By Eriq Gardner
Time for an update on Woody Allen's lawsuit against clothing retail chain American Apparel for using an unauthorized image of the actor from "Annie Hall" on a billboard.
Since Woody sued the company last year for $10 million
, the case has taken some bizarre twists, including a legal strategy by the defendant that certainly ranks up there in the annals of chutzpah. Last month, we reported that American Apparel's lawyer planned to make an issue of Allen's faithlessness to actress Mia Farrow by, among other things, demanding nude photos
of Allen's wife, Soon-Yi Previn.
It now appears as though American Apparel realizes it put its shirt on backwards.
In a pretrial memorandum
submitted in New York District Court on Monday, the company is now singing the praises of Allen, saying he's basically a role model for others who have been the subject of media sensationalism and criticism. The memo draws a direct connection between Allen's self-conscious character in "Annie Hall" and the media pitfalls suffered by American Apparel CEO Dov Charney:
"The character portrayed by Mr. Allen in the film 'Annie Hall' felt self-conscious about aspects of his personality that he believed, rightly or wrongly, were being misperceived by Annie Hall's family. Similarly, Plaintiff himself had been the subject public criticism and media sensationalism based upon misperceptions of Plaintiff and his personal life. Mr. Charney, himself the target of unflattering and inaccurate media attention and alleged scandal, used the Annie Hall images to pictorially depict, and comment upon, these parallels..."
The memo goes on to assert that the plaintiff has a First Amendment free speech right to make use of the image from "Annie Hall."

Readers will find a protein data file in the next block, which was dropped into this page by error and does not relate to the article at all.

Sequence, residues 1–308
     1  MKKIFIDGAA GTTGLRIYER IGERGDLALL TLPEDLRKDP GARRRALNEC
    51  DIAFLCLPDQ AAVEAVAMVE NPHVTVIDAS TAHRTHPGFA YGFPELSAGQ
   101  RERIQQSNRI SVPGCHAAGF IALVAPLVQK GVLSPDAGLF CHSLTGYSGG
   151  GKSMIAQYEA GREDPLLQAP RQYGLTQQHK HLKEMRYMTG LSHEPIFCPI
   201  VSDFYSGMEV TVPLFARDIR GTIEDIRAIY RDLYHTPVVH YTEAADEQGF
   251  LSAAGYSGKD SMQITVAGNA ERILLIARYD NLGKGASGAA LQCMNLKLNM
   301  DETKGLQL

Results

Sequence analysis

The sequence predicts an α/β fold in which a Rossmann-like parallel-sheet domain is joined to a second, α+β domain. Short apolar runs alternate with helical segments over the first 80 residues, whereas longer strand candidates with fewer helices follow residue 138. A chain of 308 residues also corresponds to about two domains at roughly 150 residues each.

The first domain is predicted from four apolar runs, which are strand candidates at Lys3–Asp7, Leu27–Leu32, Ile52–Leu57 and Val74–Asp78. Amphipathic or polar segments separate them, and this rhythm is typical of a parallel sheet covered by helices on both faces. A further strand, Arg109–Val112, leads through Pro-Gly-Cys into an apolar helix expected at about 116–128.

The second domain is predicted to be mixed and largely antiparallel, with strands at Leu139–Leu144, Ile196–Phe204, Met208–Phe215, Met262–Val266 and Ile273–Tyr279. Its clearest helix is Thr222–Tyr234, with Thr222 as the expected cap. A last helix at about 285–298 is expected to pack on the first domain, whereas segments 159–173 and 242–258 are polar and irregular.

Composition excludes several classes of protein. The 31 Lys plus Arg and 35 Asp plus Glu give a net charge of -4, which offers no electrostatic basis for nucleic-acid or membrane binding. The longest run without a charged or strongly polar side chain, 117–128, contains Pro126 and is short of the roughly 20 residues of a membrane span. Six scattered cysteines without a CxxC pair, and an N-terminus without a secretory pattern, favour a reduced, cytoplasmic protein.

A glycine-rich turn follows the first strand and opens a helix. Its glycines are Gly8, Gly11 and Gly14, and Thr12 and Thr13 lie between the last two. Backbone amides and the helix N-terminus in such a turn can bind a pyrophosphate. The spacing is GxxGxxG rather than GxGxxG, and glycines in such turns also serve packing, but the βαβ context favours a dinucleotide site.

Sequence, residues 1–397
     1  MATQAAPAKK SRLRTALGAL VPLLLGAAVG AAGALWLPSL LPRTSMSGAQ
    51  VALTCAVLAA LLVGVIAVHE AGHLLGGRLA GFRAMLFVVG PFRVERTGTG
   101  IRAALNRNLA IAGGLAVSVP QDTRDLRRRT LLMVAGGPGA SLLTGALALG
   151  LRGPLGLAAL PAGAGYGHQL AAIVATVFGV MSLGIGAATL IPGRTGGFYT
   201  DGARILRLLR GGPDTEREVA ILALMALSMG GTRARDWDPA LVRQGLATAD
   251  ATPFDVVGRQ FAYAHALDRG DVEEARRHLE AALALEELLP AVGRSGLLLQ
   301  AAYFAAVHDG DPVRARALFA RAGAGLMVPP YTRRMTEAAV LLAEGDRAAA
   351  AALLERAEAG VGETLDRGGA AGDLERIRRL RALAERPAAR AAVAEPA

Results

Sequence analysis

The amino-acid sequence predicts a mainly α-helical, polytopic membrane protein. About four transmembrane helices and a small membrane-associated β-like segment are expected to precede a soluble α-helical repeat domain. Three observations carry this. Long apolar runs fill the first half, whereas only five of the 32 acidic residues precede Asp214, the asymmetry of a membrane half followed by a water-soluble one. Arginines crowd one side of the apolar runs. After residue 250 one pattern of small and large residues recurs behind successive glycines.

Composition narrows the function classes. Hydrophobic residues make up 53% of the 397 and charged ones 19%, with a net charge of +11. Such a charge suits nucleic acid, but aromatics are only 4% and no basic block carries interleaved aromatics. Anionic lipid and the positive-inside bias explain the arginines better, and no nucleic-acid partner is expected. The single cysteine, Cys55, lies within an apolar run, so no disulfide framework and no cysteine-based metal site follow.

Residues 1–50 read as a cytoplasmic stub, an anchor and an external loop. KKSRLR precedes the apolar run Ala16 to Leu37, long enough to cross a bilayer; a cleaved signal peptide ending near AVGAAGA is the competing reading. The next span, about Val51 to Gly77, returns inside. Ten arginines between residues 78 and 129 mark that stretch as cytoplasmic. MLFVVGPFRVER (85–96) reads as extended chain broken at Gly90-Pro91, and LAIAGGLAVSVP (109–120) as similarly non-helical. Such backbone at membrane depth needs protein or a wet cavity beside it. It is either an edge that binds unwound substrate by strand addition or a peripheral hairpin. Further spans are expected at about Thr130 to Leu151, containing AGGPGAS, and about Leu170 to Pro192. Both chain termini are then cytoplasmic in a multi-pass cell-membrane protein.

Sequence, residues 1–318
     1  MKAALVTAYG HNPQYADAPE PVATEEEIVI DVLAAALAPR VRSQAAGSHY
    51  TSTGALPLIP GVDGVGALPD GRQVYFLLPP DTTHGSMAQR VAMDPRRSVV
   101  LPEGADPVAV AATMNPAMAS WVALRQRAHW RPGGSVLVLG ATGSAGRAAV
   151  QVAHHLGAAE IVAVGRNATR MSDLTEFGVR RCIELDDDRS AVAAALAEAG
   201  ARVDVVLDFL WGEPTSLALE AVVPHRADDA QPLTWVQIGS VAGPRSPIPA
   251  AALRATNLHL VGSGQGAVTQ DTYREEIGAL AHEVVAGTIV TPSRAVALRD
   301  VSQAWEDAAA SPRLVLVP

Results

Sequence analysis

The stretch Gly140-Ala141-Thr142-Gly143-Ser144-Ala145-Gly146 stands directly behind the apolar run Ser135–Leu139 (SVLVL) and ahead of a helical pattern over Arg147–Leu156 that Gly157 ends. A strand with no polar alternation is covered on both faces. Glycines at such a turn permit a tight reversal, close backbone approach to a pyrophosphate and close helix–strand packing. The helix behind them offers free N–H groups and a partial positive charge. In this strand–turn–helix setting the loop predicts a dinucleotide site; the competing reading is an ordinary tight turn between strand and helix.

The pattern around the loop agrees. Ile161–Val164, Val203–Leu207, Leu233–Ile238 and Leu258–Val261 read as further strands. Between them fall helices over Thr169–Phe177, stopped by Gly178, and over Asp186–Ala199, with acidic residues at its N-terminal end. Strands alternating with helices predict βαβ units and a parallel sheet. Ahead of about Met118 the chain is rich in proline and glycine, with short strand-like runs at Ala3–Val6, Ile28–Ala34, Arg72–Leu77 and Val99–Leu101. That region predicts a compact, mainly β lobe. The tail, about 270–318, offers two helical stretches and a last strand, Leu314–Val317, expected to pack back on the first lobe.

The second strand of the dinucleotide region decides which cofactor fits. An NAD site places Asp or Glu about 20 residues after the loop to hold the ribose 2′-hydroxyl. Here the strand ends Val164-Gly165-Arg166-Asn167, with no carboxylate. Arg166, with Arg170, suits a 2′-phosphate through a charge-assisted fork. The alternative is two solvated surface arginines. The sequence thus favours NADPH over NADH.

A cynic might point to other recent developments in the case for the turnabout, including a judge's ruling
that Allen wouldn't have to justify why he found the original billboard objectionable and Allen's declaration that he would fight
against having Farrow and Soon-Yi testify as witnesses. However, the plaintiff foreshadowed this new development a couple weeks ago by leaking an internal company memo
that states, "Dov (and everyone else at the company) LOVES Woody Allen."
The real question is whether this new legal strategy will fly.
At OnPoint News, Matthew Heller calls it "quintessential poppycock
," asking why American Apparel didn't use one of Allen's post-scandal movies to make its case about media sensationalism, but we think Charney's huge artistic stretch is beside the point.
In terms of a legal defense, arguing that American Apparel had a fair use right to use the image makes a little
more sense than arguing that scandals involving Allen had left his publicity rights worthless. One might even go so far as to draw similarities between American Apparel's new defense and the justification used by street artist Shepard Fairey
for using an Associated Press photo to create his Barack Obama poster. We still think that American Apparel has about 100 miles to climb to show that it was entitled to its commercial
use of Woody Allen, but at least by moving the court into an examination over what's permitted by "fair use," the defendant has thrown its fate into one of the murkiest areas of copyright law.
To quote Woody Allen's Alvy Singer, "Life is divided into the horrible and the miserable." In a sense, American Apparel just went from horrible to miserable.